Road to Smart Perception

Road to Smart Perception

HSI Camera Fuses Snapshot and Linescan Benefits

The hyperspectral imaging (HSI) camera snapscan combines a good signal to noise ratio with spatial and spectral resolution advantages of linescan hyperspectral imaging technology and the ability to acquire data-sets as easily as with a snapshot camera.

Figure 1 | Full view of the datacubes (left). Zoom over a region-of-interest (middle). Blue and red spectra corresponding to the blue and red selection on the left-hand figures (right). Displayed spectra are an average over a 5x5 region with the corresponding standard deviation displayed in transparency. Datasets are a hand (a-c), a blood smear (d-f) and pills (g-l). (Bild: Imec vzw)

Figure 1 | Full view of the datacubes (left). Zoom over a region-of-interest (middle). Blue and red spectra corresponding to the blue and red selection on the left-hand figures (right). Displayed spectra are an average over a 5×5 region with the corresponding standard deviation displayed in transparency. Datasets are a hand (a-c), a blood smear (d-f) and pills (g-l). (Bild: Imec vzw)

Intelligent robotics are bound to transform society – and smart perception is key to realizing that. By 2040, we’ll have micro-sized cameras looking at every angle, depth, mode or change in a scene, and reporting back with all (and only) relevant info. However, for smart perception to become a reality, new technologies are needed – such as mass-produced, single-chip, high-quality hyperspectral vision technology and hyperspectral cameras offering high resolution and fast image capturing and processing capabilities. Such innovations will create new opportunities for hyperspectral imaging in domains such as life sciences, medical applications and diagnostics, which are not yet served by today’s solutions. Tomorrow’s smart perceptive systems will rely on smart cameras that integrate various viewing and sensing modalities into a single compact and cheap system. Cameras, for instance, that recognize and scan a surface via radar, look underneath with an x-ray component, analyze material through a hyperspectral view, and that have the intelligence to acquire and merge various data streams into the most relevant view for the user. Hyperspectral cameras will be at the basis of this. However, today’s hyperspectral cameras are expensive and not user friendly, thus limiting their use. To overcome that, a hyperspectral imaging solution has been developed that uses optical filters on top of CMOS image sensors, resulting in a compact, cost-efficient and fast hyperspectral camera.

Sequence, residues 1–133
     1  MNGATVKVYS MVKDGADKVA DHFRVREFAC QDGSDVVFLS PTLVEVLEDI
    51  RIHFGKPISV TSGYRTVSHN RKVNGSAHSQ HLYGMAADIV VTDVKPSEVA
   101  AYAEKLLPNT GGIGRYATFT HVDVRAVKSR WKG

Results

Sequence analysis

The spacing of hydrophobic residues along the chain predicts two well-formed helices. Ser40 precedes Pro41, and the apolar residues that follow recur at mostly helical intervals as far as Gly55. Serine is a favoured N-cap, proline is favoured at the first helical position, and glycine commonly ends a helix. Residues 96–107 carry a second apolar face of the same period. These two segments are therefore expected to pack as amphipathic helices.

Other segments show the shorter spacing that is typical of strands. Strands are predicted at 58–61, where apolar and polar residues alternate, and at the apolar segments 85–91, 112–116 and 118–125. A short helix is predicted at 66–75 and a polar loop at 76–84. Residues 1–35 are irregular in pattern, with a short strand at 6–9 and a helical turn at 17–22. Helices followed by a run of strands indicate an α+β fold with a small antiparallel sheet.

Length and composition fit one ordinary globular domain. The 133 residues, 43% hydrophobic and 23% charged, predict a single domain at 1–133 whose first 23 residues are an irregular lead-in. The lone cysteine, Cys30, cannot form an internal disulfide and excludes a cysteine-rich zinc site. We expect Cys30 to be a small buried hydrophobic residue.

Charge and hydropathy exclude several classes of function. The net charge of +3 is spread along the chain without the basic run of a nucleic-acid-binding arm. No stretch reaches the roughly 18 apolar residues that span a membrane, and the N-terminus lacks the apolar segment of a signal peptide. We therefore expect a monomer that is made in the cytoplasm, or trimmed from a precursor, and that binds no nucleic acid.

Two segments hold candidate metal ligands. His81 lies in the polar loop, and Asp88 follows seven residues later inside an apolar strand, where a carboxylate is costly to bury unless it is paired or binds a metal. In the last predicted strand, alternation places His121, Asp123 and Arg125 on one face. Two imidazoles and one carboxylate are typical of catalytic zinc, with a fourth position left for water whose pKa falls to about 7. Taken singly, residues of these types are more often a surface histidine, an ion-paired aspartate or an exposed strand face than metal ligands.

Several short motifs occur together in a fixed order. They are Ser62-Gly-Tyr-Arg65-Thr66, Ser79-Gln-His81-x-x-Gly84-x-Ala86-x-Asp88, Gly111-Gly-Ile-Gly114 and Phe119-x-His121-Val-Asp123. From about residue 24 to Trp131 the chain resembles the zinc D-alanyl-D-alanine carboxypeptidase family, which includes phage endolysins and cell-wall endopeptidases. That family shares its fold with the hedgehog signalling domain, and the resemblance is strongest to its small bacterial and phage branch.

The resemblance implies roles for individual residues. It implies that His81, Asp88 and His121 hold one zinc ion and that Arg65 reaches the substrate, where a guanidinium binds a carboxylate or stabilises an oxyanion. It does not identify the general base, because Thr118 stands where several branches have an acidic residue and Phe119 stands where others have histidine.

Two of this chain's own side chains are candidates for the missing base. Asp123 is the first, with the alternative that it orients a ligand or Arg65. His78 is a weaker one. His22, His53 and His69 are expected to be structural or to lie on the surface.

The best of two worlds

Until now, no hyperspectral technique was able to capture entire scenes at once with fair levels of spatial and spectral resolution. To fill that gap, Snapscan was developed: a novel, patent-pending hyperspectral camera combining the best of both linescan and snapshot imaging. Linescan hyperspectral cameras scan scenes line per line. They are ideal for applications requiring high spatial and spectral resolution – with scenes passing by the camera, such as aerial observation or food sorting. However, for inspection cameras in robots, free-flying drones, movement-activated security cameras or real-time imaging during surgery, you need an entire 3D multispectral image being sensed at once. This requirement is dealt with by snapshot hyperspectral imaging solutions, which use filters organized in a mosaic or tiled configuration, and where each tile is responsible for sensing one narrow band of the spectrum for the entire scene. However, such cameras lack linescan’s image resolution. Snapscan combines the best of both worlds, capturing high-resolution, full hyperspectral images in seconds, making it suitable for use in domains like digital microscopy for pathology and cytogenetics, medical imaging for endoscopy, wound diagnostics and guided surgery.